Did You Know?

Although people of color make up about one third of the population, they make up 46.1 percent of pedestrian deaths.

Choosing the best routes for biking

Ever taken a wrong turn on your bike and ended up making your trip twice as long? If this has happened to you, you know the advantages of planning your bike route in advance./

For people new to cycling, the first point to know about route planning is that the best bike route may not be the most direct route. While your trip may end up a little longer, the additional time and distance is a worthwhile tradeoff for a safer, more enjoyable ride.

So here are some tips that may help you plan a good route the next time you hop on a bike.

  • Start with the most direct route and then make adjustments to avoid the busiest roads; look for parallel side streets with less traffic.
  • Look for streets with bike lanes and enough room to ride outside of the “door zone” when riding alongside parallel parked cars.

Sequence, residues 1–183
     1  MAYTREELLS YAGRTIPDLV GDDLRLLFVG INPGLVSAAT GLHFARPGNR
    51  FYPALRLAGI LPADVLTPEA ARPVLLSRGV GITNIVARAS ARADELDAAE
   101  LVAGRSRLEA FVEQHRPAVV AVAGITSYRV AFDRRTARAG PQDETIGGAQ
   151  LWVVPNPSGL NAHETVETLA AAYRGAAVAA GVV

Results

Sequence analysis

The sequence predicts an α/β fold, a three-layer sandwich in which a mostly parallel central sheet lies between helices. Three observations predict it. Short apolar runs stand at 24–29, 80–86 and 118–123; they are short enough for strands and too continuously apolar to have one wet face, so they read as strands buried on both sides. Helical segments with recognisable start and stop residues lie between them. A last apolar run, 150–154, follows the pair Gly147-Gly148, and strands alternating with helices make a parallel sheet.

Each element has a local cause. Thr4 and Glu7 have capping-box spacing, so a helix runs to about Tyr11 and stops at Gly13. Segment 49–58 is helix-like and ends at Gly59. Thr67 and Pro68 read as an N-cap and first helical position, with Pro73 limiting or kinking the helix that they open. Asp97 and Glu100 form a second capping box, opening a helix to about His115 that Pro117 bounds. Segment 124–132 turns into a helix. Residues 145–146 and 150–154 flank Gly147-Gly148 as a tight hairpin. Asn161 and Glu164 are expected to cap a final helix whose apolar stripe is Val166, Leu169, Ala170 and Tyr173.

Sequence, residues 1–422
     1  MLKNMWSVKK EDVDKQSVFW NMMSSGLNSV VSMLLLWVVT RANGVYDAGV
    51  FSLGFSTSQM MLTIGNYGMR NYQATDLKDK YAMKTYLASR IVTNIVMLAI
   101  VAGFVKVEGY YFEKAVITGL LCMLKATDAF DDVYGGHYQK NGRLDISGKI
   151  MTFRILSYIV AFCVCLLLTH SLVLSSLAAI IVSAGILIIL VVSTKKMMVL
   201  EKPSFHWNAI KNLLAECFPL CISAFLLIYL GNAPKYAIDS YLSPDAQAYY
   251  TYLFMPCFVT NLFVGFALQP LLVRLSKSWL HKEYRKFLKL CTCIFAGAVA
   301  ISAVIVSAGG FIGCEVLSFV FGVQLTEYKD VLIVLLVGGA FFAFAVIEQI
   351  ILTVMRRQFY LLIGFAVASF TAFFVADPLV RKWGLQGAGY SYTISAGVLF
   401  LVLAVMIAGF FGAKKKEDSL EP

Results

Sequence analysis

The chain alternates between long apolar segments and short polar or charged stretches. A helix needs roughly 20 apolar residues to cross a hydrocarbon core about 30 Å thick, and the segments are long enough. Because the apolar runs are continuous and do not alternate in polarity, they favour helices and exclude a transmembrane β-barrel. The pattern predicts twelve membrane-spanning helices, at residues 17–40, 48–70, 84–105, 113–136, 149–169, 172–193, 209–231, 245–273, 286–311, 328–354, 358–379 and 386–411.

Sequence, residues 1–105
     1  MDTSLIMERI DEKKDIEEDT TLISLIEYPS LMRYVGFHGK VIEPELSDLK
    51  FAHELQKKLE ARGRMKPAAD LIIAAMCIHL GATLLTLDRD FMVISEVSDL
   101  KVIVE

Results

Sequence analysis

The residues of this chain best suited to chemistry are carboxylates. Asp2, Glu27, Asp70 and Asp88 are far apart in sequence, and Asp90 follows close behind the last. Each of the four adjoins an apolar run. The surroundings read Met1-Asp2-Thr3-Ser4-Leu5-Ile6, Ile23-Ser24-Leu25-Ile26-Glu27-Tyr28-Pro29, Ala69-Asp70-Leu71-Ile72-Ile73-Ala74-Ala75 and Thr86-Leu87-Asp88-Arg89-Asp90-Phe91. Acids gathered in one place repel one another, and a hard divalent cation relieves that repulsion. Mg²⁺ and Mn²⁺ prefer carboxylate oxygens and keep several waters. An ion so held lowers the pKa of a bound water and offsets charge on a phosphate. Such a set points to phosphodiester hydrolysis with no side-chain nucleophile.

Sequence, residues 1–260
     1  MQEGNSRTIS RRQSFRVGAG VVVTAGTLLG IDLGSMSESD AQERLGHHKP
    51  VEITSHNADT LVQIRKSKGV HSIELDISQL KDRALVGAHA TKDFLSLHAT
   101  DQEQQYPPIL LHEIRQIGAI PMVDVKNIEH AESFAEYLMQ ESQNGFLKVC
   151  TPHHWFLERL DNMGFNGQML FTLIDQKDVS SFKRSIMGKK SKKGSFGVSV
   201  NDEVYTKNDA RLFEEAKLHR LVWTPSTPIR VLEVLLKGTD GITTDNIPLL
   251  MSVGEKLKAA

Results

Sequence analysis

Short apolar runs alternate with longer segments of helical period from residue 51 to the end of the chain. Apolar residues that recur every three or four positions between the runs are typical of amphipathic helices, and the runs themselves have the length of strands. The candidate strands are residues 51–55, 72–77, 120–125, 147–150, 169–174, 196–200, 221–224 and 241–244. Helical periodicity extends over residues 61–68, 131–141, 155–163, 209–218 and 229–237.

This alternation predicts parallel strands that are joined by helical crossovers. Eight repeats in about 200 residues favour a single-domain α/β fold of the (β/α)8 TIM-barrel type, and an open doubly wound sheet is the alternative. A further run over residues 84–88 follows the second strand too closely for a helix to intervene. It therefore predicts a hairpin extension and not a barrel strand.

• Look for routes that allow you to cross busy streets at traffic lights.
  • If you’re forced to use a road with heavy traffic, make it brief and stay on the shoulder.
  • If you can, consider riding on residential streets when starting out, even if they take you a bit out of the way.

In the suburbs, finding direct and safe routes may require more creativity and flexibility. When confronted with high speed limits on suburban roads or when you encounter subdivision streets that wind around to a dead end, you need a detailed route plan and perhaps a backup plan.

Bike lanes are spreading to more suburbs, but these vary in quality and connectedness in between communities. Often, suburban bike paths are a great option during good weather. If the path is covered in water or snow, you may want to have another option available.

Finding your way
Whether you’re cycling in the city, suburbs or in rural areas, a good map is an invaluable resource.

Connect with others: Chicagoland bicyclists are fortunate to have unique resources for bicycling information.

More resources:

  • offers bike directions option.
  • A multimodal trip planner from RTA, which allows for preferences for train, bus, driving to transit, bicycling and walking.
  • Chicago Bike Guide app: Allows you to design your own route, get a suggested route or discover new roads or trails to get there.
  • Ride the City: Bike map app that includes Divvy stations bike paths, and bike shops.

This blog post was written by Maggie Daly, a former marketing and communications intern at Active Trans.